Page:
Wednesday, May 11, 2011

Molten Chocolate Cake

I've been slow about posting lately because life has been so busy, but to make up for it, I have a delicious recipe to share.  One that is fast, easy to make, and delicious.  Did I mention that it's chocolate?  Or more specifically, molten chocolate cake.

That's right.  I know how to apologize properly.  Seriously.  Wait till you taste this.  But since you can't taste it until you finishing reading this and make it for yourself, you can judge how delicious it was by how quickly it was demolished by my family.

This is where I also should tell you that I am the only person in my family who actually likes dark chocolate.  From the speed at which this molten chocolate cake was consumed, I think it was a success.

I have actually had this recipe on my hands for a while now, but I never got around to making it.  For one thing, my place in New Jersey didn't have ramekins.  I briefly considered bringing them up just so that I could make these, but this recipe also requires a scale, and a hand mixer, both of which I was also lacking.  It is difficult to live in such barbaric conditions, but such conditions are what I need to make sure that I stay focused on my studies and stay out of the kitchen and away from the oven.  The apartment that I'm moving into in August will be better supplied with baking equipment, however, since this will be more of a permanent move.  The point I'm getting at though is that I made a mistake in waiting so long.  If you've never made molten chocolate cake before, get started now.  It's not difficult and it's absolutely delicious, even before it's baked.  (Not that I recommending you eat the batter, because there are health issues concerning raw eggs and flour, but should some of this batter accidentally fall into your mouth, it is wonderful.)

The recipe I used was Jean George's recipe, which I sought out after eating his delicious dessert at JoJo's in January.  It is very easy to make, doesn't require any special ingredients, and bakes fairly quickly.  You can also make the batter ahead of time, chill it, and pop it in the oven when you're ready for it, which makes it very convenient, since molten chocolate cakes should be served fairly soon after they are done baking.

This molten chocolate cake is rich and, as expected, very chocolate-y, but I don't think it tips over that thin line of being too rich, or worse yet, being heavy.  It isn't complex in flavor, but it is incredibly satisfying, and a great dessert to whip up if you don't have much time but are feeling a little fancy.

We happened to have one extra molten chocolate cake after the other three were consumed, and I covered that ramekin with plastic wrap and left it in the fridge.  The next day, I ate it cold.  It was still delicious.  It didn't run in that "lava" or "molten" way that the hot cake did, but it had a great texture, like a half-chocolate-cake, half-chocolate-mousse dessert.  And anyone who knows me knows how much I enjoy chocolate mousse.  Yum!  The pictures below are the molten chocolate cake on Day 2.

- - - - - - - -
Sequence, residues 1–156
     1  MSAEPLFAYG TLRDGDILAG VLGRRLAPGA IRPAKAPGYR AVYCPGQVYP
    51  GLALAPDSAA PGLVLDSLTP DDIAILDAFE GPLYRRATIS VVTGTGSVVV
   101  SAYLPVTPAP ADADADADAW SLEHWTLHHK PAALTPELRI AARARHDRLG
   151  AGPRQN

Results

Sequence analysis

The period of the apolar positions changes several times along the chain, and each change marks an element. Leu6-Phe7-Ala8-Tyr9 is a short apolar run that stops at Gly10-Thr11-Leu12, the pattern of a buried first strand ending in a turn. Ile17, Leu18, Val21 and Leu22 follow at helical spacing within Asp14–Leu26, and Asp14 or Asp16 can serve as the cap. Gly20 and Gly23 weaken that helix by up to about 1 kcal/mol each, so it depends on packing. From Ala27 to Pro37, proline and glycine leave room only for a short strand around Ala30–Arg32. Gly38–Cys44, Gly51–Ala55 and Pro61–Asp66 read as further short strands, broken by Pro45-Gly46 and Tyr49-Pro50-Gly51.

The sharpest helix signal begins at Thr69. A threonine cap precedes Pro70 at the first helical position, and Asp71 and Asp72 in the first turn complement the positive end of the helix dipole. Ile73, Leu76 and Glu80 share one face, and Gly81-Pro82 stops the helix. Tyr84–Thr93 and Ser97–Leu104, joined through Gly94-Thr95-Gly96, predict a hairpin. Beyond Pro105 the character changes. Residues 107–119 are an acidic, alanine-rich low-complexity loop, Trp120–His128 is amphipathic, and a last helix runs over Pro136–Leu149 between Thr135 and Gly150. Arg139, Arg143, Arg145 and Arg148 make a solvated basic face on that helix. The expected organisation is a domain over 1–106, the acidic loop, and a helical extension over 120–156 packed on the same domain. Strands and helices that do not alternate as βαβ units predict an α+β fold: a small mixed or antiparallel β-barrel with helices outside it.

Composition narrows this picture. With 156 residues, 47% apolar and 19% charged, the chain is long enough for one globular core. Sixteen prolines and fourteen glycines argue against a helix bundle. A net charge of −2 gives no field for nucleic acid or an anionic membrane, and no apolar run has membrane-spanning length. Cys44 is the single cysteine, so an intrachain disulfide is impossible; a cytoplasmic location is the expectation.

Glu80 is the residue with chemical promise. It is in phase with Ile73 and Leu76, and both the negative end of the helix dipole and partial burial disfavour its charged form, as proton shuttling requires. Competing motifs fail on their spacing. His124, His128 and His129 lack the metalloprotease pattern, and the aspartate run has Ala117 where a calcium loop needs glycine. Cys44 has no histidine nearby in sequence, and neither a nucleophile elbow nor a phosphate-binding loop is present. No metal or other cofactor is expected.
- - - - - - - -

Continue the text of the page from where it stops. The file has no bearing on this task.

Jean George's molten chocolate cakes 
adapted, serves 4

100g unsalted butter, cut into pieces
100 g bittersweet chocolate
2 large egg yolks
2 large eggs
4 tbsp sugar
1 tsp vanilla sugar
1/4 tsp salt
20 g flour

Melt the butter and chocolate together.  Add the salt to the chocolate mixture.
Place egg yolks and eggs in bowl and whisk on medium speed until frothy.
Add in the sugar and vanilla sugar and whisk on medium high until mixture has tripled in volume.
Add chocolate mixture to eggs and whisk until well combined.
Sift the flour over the mixture and fold in with a whisk until combined.
Butter four 4-oz ramekins and flour lightly. Place on a baking sheet.
Divide the batter evenly among prepared ramekins. Cover with plastic wrap and refrigerate until ready to bake (up to 8 hours in advance).
Take the cakes out of the refrigerator and bring to room temperature. Heat oven to 475 F.
Bake the cakes for 8-9 minutes, until sides and tops are set. The centers should still be soft but the surface should be jiggly, not fully liquid.
Allow to cool on the pan briefly for one minute, then run a thin knife around the edge of the cake to loosen it.  Invert the ramekin onto a dessert plate to unmold it.

Optional: serve with lightly sweetened whipped cream or fresh berries.

1 comment:

  1. Can you make this again?! (I just commented but I couldn't tell if it went through)